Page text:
Will Maupin's weekly. (Lincoln, Neb.) 1911-1912, June 09, 1911, Image 7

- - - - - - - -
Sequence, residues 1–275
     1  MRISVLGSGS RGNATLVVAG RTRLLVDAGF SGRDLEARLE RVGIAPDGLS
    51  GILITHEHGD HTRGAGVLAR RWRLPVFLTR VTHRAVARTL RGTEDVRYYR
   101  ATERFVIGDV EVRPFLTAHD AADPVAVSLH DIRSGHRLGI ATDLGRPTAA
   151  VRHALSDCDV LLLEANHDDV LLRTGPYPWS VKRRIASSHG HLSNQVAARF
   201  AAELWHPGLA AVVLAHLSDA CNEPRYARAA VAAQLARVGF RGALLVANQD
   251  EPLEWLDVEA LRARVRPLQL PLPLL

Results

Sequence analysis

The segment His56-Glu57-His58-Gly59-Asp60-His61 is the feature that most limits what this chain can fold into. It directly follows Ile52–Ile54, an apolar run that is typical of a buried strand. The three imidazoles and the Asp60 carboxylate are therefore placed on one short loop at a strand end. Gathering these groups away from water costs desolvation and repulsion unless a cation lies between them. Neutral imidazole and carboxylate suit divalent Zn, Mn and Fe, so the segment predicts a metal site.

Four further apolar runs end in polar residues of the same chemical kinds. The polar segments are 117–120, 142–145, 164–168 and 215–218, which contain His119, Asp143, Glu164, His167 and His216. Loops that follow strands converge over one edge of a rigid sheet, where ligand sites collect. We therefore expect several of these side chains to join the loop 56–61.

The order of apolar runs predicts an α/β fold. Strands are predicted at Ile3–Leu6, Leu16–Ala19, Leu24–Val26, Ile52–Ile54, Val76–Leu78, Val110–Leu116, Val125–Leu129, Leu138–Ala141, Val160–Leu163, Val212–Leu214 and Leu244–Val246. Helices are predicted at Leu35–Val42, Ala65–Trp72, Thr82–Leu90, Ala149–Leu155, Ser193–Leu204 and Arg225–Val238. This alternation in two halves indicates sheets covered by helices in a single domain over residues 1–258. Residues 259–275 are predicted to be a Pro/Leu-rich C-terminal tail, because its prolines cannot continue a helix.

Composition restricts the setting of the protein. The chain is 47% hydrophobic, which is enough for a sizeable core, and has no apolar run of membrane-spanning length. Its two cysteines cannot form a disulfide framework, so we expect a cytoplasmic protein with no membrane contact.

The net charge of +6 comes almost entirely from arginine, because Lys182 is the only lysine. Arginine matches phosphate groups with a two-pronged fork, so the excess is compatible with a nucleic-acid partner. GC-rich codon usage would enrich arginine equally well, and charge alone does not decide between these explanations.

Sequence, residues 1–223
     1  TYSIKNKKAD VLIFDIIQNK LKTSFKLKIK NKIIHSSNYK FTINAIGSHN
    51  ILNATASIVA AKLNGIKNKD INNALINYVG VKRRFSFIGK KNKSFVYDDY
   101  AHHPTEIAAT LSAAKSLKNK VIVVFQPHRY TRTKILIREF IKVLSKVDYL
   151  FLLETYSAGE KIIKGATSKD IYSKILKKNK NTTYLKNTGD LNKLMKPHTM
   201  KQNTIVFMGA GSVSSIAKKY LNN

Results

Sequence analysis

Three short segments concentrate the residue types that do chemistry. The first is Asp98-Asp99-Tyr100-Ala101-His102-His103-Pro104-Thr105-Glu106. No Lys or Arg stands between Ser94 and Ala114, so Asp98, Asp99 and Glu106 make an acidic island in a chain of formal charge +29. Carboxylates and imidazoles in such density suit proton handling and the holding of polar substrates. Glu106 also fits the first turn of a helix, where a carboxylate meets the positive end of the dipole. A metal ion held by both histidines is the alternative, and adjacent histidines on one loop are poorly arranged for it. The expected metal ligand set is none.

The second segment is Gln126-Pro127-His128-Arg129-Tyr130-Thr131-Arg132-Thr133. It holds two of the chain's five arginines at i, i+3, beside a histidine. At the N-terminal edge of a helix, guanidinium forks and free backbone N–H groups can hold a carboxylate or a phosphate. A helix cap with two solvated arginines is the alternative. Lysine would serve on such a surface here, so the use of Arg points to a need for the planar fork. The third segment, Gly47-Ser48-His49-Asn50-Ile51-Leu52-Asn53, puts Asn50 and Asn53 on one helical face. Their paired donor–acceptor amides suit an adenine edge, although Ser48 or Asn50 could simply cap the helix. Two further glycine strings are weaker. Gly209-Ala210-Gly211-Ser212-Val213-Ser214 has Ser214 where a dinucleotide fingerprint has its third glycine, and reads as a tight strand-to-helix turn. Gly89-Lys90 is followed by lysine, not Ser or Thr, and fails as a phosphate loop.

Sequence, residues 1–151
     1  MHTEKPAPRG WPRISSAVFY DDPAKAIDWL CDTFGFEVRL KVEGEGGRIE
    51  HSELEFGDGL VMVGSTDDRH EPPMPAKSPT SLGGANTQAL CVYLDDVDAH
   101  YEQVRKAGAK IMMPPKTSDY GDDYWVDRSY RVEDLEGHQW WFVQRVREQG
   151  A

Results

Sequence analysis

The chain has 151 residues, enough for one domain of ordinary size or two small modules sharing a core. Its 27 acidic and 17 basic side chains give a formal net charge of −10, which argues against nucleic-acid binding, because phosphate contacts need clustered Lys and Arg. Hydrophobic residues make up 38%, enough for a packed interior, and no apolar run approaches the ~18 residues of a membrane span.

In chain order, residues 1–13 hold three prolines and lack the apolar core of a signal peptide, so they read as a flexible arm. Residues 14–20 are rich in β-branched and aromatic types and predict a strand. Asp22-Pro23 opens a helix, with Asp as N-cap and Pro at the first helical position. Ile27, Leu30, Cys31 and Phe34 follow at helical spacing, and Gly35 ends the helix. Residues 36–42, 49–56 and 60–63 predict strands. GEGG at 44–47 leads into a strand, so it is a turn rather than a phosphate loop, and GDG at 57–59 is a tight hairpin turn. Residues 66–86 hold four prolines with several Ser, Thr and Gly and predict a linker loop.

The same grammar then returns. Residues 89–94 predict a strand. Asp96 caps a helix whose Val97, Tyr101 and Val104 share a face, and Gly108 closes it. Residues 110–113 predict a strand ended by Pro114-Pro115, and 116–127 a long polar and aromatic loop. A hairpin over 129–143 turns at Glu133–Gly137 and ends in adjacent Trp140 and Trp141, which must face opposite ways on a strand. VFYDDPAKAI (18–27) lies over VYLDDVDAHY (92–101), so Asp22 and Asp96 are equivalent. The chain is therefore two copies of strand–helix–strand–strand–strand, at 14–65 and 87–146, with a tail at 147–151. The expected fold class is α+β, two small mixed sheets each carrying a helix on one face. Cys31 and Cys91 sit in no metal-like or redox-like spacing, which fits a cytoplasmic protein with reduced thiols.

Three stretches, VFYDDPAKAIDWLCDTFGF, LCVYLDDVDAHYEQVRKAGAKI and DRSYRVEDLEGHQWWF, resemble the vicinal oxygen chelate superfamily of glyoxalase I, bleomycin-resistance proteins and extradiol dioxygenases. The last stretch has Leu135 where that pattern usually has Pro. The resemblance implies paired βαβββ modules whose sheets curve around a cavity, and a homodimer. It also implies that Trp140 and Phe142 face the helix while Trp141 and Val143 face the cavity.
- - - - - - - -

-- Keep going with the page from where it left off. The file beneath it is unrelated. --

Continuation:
Notice of Sale tTnde Chattel Mortgage. Notice is hereby given that by virtue of a chattel mortgage, dated January 28th, 1911, Kansas City, Mo., and duly filed in the office of the county clerk ot Lancaster, Neb., on the Oth day of Febru ary, lltll at 12:00 M. and executed by D. N. Graham, Lincoln, Neb. to the Ameri can Type Founders Co., Kansas City, Mo., to secure the payment of the sum of Seven Hundred Twelve Dollars and Twenty-nine Cents ($712.20) and upon which there is now due the sum of two notes of $80 each and interest, and default having been made in the payment of said notes and the amount therein named, and no suit or other pro ceedings having been Instituted to re cover said debt or any part thereof, there fore, the said mortgage will sell the property therein described, to-wit : Machinery. 1 13x10 Gordon Job Press (rebuilt) No. 1133; 1 Side Steam Fixtures; 1 7x11 Challenge Gordon Press (rebuilt) No. 122; Side Pwr. Fix.: 1 2'iYi lurh Paragon Paper Cutter (re built) No. 1240; Body Type 40 lbs. each 12-18 Pt. Cheltenham Wide; 50 lbs. 6 pt; 200 lbs. 8 pt. Century Ex panded; 10 lbs. each , 8, 10, 30, 48. 60 pt. spaces and quads; 25 lbs. 12 pt., 30 lbs 18 pt. leaders No. 542; 5 lbs Opt. leaders No. 542; braces and dashes and fractions for 0, 8 pt. Century Expanded. Job Type. 2 fts. each C, 8, 10, 24, 30 pt. Chelten ham Wide; 2 ft each 0. 8, 10 pt. Chel tenham Hold; 40 lbs. each 12, 18 pt., 25 lbs each 24, 30 pt. : 1 ft each 48, 00 pt. Cheltenham Bold; 20 lbs. each 12, 18 pt. Cheltenham Hold Condensed; 2 ft each 24, 30 48, 0 pt. Cheltenham Bold Cond. ; 20 lbs 18 pt., 25 lbs. 24 pt., 1 ft each 72, 5)0 pt. Franklin Gothic Extra Cond.; 20 lbs. 10 pt Century Expanded Italic; 1 ft each 18, 24 pt. Tiffany Script Extended; 1 ft. each 8-12-18 Pt. Wedding Text; 1 ft. each 0 pt. Heavy Copperplate Gothic No. 21-22-23-24; 1 ft. each 12 pt. Heavy C. P. Go. No. 25-20-27-28; 1 ft. 18 pt. Heavy C. P. Go. No. 30; 1 ft. each 12 pt. Unit Border, 18-24 pt. Unit Border; 1 ft. each tl-12 pt. Times Border; 1 ft. each 0" pt. Panel Border No. 31-42; 1-2 ft. Delia Hobbia Ornaments. MISCELLANEOUS. 2.. Lead & Slug. 28 California Job, 3 Quadruple, and 0 pairs News cases; 1 case L. S. Wood Furniture; 1 Wood Type Case No. 2; 1 each Hickory Mal let & Planer; 1 Metal Furniture Case; 4 Compact Kule Cases in blank; 1 15 inch ltouse Composing Stick; 50 lbs each Lends & Slugs; 30 lbs. Leads & Slugs, 13 ems; 20 lbs. Leads & Slugs 20 1-2 ems; 5 lbs. 2 pt. Brass Kule No. 1022 ; 3 lbs. 2 pt. Brass Bule No. 2082 ; 5 lbs. Brass Kule No. 1156; 32 0 pt. 4 Col. Rule; 16 4 pt. 4 Col. Head Rules ; No. 220i; 1 4 pt. 4 Col. Head Kule No. 1154; 25 each Adv. Kules No. 1204 1-2 ems; 20 2 pt. Adv. Kules No. 1003 13 ems; 25 2 pt. Brass Dash Kules No. 1002B 13 ems; 15 4 pt. Brass Dash Rules No. 1204B; 13 ems; 4 Single Col.. 1 12x18 Brass Galleys; 2 Pfcir 4 Col. Quarto Chases; 1 20 inch Wood Poster Stick ; 4 dozen Hempel Quoins No. 1; 2 Keys; 16 each 4 Col. Side & Foot Sticks; 3A & Figs 15 Line No. 00 Wood Type: 101 Char.; 5 ft. & Cor. Wood Border No 254; ,50 lbs. L. S. Metal Furniture; 3 No. 15 Dbl. Stands (24 Cases); 1 ft. 2 pt. Miters No. 1022; 2 sets each 0 pt. round and 67 Square Corners No. 61; 1 Utility Lead A; Kule; 1 Asstd. No. 2 B. & C. Thin Spaces; 2 pair Tweezers; 2 6-inch Comp. Sticks; 4 13 em. Comp. Rules; 4 13 em Makeup Kules; 1 Doz. each Spring Tongue and Flexible Side Guage Pines; 1 Quart Suc cess Benr.ine Can ; 1 Benzine Brush No. 2; in the City of Lincoln, County of Lancaster, on the llHh day of June. That default has been made in the conditions of the said mortgage and the said mortgagor, D. N. Graham, has aban doned said property and left the posses sion of the same to others. Dated ihis 20th day of May, 1011. American Type Founders Co., Frank Barhydi, Manager, Kansas City, Mo., Mortgagee and Assignee. Dr. Chas. Yungblut Dentin TS ROOM No. 202 1CI1USL BLOCK AUTO. PHONE 3416, BELL 656 LINCOLN, -:- NEBR. SAVING VS. SUFFER The real truth of the matter, Mr. Wage Earner, is that it is better to save than to suffer. To save a little every week from the pay check and in vest it in such a way that it will be working for you all the time. Better that than to suffer privations, more or less acute, in the coming days when age has lessened your earn ing capacity. Men grow old. That's a fact. Wise men look ahead and prepare for that time. Let us help you prepare. Deposit a little with us every week, and we will put it to working for you working day and night. In the days to come you will have something to rely upon This is just the applica tion of plain commonsense to the problem of life. We pay four per cent interest. Investigate our methods. We will gladly explain. AMERICAN SAVINGS BANK 132. NORTH 11TH ST. , We will soon be in our handsome new quarters. Green Gable The Dr. Benj. F. Baily Sanatorium LINCOLN, NEBRASKA For non-contagious obronio diseases. Largest, best equipped, most beautifully furnished. iimi OFFICE OF DR. R. L. BENTLEY, SPECIALIST CHILDREN . . , ., Office Hours 1 to 4 p. m. Office 2 j 1 8 O St. Both Phones LINCOLN, NEBRASKA THE EFFICIENCY SYSTEM. Tends to Physical and Mental Deterio ration of Workers. When President Gompers appeared before the house committee on labor In opposition to the establishment of the Taylor system, otherwise known as the First Trust and Savings Bank OwnecP by Stockholders of First National Bank The Bank for The Wage Earners Ir.lercit tic! tt Fcvr er Cent 139 South Eleventh Lincoln, Nebraska "efficiency" system, in the gov&nment arsenals, he stated that the Introduc tion of this scheme was without con sideration of the well being of work men; that no system should be inaugu rated that did not have a due regard for the average physical ability. In illustration he made the following statement relative to the physical de terioration of British workmen in many industries, which was discovered by military officials ; while recruiting for service in the Boer war: "The results were first demonstrated during the Boer war that is. it was first demonstrated in that war in re cent years, although it had been dem onstrated before that time. In that war. when the Britons were appealed to to enlist in the war. the measure ments taken by the representatives of the military authorities showed a dimi nution in the stature of the British workmen in many Industries. Their chest measurements, their height and weight were found to be entirely dis proportionate, showing that they had deteriorated." President O'Connell of the Interna tional Association of Machinists, in the course of his argument before the same committee said: "It Is the unfair employer in con junction with the lead pencil, faddist who U attempting to introduce such schemes with the view of making it appear that labor is being benefited and labor is going to get more money. That is a huge joke. The moment the laborer gets more money he has to go out and get it himself. No employer is going around handing money to la borers on a silver platter. Do not let anybody tell you that. In the fac tories and workshops where the Taylor system and other systems aping It are In. effect workmen .are. absolutely, help less, absolutely shackled. They are dependent because individuality has been driven out of them absolutely by that system. Mr. Taylor says: 'Give us strong men, with big physical bodies, but take their heads off. We do not want men with heads; we want men with big hands, strong arms and strong bodies, but without heads. We will do the thinking for them. We do not want anybody around here who can think. We have a man who will do the thinking and tell them when to stop and when to start -,and how much they must do, and if they do not do it then they go to the scrap pile.' " OSBORNE UP AGAIN. Expelled Trade Unionist Fights Labor In British Parliament. A British trade union journal makes timely comment on Osborne,he union member who refused to pay the assess ment levied by his union to defray its share toward maintaining members in parliament and who, it will be re membered, carried the matter to the courts. Osborne's reprehensible act is condemned by the great body of union ists in Great Britain, as it should be. The comment follows: "Our 'friend' and fellow trade union ist Osborne is again top dog. His ex ecutive council expelled him after of fering him and a few more like him the coppers he had paid for labor rep resentation. They also closed the branch of which he was a member. Osborne appealed. The first court said the executive council was quite within Its right. The second court has re versed that decision. Now the case goes to 'the lords,' and meantime Os borne gets costs of the two courts be low, and again he may put his tongue In his cheek till 'the lords' decide. Os borne will go down to posterity as one who made strenuous efforts to strangle our new hope, the Labor party, and he will appear as ridiculous to us In years to come as King Chanute waving his scepter and commanding the rising ocean to go back." Six Day Week For Steel Workers. Although the efforts of organized la bor are deprecated in many quarters, yet it is significant that constant changes are taking place in the indus trial world in the direction and In conformity with the views promul gated by organized workmen. The steel trust, declared to be an enemy of union workmen, Is now actively en gaged in following out one of the pri mal principles of union labor, that workmen should be permitted to rest one day in seven. At Sharon, Pa., it Is reported that "six days only" for all laboring men is the mandate which was posted in the south works of the Carnegie Steel company. The blast furnace does not close down on Sun day, and the company will employ ex tra men, as also will be the case in other departments running continuous ly. The order further specifies that if "a man is one of those who are assigned to Sunday work be must lay off some other day of the week." New Strike In Tampa. Following a demonstration against the decision of Judge Wall of the cir cuit court upholding the sentence to one year's Imprisonment of leaders in the recent strike at Tampa, rendered by the criminal court of record, a gen eral strike was declared, and Tampa faces the same grave situation which prevailed through a greater portion of last year. The strike leaders under sentence are Jose de la Campa, Britt Russell and J. F. Bartlum. In a man ifesto the joint advisory board stated that the strike will continue until the men under sentence are either pardon ed or a new trial Is granted.